“Plastics in the market today demonstrate their value to our society. Plastics are used to make critical components for solar panels and wind turbines. But they also can play a role in reducing weight in transportation or in ensuring goods that are transported have less weight in their packaging or in their products.” 

Canada produces about $35 billion worth of plastic resin and plastic products per year, or over five per cent of Canadian manufacturing sales, according to a 2019 report published by the federal government.  

Seaman says Canadian plastic producers have competitive advantages that position them to grow as demand rises at home and abroad. In Alberta, a key opportunity is the abundant supply of natural gas used to make plastic resin.  

“As industry and consumer expectations shift for production to reduce emissions, Canada, and particularly Alberta, are extremely well placed to meet increased demand thanks to its supply of low-carbon feedstock. Going forward, production with less emissions is going to be important for companies,” Seaman says.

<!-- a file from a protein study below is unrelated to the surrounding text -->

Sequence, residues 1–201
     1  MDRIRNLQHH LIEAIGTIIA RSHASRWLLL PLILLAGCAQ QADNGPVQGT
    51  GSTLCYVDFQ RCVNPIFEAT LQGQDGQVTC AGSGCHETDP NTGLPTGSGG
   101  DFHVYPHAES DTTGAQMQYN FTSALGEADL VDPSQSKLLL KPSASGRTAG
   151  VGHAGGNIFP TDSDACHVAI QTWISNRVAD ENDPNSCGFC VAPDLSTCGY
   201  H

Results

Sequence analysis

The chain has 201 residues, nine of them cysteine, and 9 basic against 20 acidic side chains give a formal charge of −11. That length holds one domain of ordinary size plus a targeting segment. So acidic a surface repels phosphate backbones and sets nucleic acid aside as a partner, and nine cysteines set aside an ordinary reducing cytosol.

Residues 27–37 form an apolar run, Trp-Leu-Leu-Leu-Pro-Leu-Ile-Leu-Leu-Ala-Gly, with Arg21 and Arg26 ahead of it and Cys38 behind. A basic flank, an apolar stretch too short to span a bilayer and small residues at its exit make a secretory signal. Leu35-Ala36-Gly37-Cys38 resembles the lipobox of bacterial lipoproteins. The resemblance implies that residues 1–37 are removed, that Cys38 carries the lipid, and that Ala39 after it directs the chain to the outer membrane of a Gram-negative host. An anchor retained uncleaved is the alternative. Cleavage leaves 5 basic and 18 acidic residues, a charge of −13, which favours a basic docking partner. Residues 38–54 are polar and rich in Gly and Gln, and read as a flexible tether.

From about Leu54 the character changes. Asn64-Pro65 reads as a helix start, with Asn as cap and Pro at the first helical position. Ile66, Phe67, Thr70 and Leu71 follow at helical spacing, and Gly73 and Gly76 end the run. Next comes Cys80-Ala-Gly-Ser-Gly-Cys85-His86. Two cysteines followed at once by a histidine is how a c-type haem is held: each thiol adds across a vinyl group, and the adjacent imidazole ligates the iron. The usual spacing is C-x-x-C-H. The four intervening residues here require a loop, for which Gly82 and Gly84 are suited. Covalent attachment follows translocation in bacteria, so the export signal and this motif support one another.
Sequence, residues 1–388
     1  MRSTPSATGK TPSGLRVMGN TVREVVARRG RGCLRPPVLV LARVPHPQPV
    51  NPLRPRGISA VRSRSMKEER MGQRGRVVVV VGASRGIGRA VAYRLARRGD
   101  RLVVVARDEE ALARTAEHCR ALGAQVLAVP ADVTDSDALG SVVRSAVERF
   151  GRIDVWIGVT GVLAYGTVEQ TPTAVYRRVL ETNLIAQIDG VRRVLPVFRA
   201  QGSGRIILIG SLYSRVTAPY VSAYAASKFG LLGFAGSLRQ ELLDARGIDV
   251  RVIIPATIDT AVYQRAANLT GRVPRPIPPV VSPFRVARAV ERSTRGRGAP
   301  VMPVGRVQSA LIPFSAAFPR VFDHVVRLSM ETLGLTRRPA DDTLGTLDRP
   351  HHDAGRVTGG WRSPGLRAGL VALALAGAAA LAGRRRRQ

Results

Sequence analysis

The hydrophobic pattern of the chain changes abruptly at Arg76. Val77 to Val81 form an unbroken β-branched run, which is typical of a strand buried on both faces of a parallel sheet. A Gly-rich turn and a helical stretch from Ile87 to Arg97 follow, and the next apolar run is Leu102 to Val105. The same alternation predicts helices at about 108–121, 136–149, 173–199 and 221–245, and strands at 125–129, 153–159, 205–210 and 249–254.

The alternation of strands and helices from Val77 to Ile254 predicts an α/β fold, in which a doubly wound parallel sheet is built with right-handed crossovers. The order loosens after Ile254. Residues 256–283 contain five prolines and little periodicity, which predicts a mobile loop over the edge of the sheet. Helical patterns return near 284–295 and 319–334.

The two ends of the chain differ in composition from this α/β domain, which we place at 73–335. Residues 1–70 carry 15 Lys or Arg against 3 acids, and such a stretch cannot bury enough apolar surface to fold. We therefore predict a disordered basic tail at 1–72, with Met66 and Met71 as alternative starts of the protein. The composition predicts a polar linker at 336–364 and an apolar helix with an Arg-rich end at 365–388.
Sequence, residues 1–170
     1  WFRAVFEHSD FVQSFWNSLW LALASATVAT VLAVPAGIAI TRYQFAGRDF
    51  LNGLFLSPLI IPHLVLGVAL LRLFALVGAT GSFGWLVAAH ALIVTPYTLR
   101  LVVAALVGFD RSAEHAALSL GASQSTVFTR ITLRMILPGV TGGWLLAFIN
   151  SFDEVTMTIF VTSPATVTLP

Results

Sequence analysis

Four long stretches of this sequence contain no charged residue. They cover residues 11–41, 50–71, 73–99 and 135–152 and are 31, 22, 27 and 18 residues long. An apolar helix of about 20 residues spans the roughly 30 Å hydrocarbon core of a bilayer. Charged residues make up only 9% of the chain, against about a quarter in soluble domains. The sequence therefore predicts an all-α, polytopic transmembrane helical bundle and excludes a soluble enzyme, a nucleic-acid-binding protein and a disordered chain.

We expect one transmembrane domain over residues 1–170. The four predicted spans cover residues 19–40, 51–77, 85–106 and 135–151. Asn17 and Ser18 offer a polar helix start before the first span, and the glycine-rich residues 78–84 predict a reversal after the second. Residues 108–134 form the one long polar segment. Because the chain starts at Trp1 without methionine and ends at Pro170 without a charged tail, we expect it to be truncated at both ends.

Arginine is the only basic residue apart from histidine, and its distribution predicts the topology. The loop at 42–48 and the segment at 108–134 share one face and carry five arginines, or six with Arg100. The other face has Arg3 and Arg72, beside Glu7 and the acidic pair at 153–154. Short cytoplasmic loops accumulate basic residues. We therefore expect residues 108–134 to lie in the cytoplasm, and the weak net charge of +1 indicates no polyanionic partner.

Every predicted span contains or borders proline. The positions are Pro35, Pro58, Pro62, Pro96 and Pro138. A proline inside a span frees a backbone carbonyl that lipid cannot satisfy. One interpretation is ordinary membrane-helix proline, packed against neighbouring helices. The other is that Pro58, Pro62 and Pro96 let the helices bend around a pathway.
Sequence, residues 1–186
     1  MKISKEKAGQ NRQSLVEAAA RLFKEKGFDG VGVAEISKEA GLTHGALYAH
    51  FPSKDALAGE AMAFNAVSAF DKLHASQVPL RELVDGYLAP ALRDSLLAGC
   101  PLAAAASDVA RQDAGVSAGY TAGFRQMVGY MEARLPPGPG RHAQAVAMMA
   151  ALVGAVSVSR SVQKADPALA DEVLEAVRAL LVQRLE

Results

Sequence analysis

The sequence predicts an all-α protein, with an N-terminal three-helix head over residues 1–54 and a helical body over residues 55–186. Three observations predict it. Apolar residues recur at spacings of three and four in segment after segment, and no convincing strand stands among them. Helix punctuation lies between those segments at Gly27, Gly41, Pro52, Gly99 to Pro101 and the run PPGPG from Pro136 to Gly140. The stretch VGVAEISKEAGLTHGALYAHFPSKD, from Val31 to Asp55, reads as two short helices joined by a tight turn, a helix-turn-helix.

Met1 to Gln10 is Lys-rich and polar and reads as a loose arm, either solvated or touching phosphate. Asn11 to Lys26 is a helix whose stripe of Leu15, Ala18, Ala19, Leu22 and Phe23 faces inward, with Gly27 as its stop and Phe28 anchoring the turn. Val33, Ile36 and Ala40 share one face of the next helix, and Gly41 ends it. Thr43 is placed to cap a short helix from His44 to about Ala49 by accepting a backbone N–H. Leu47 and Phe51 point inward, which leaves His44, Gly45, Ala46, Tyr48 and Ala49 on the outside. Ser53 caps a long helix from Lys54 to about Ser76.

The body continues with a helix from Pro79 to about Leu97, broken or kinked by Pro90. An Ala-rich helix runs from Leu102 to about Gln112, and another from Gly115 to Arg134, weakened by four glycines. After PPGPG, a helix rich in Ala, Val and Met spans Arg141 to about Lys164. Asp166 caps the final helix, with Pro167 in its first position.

“You can see that with Dow Chemical’s decision to spend $8.8 billion on a net zero facility in Alberta.” 

While modern life would not be possible without plastics, the CIAC says there needs to be better post-use management of plastic products including advanced recycling, or a so-called “circular economy” where plastics are seen as a resource or feedstock for new products, not a waste. 

Some companies have already started making significant investments to generate recyclable plastics.  

For example, Inter Pipeline Ltd.’s $4.3 billion Heartland Petrochemical Complex near Edmonton started operating in 2023. It produces a recyclable plastic called polypropylene from propane, with 65 per cent lower emissions than the global average thanks to the facility’s integrated design. 

Achieving a circular economy – where 90 per cent of post-consumer plastic waste is diverted or recycled – would benefit Canada’s economy, according to the CIAC.  

Deloitte study, commissioned by Environment & Climate Change Canada, estimated diverting or reusing 90 per cent of post-consumer plastic waste by 2030 will save $500 million annually while creating 42,000 direct and indirect jobs. It would also cut Canada’s annual CO2 emissions by 1.8 megatonnes.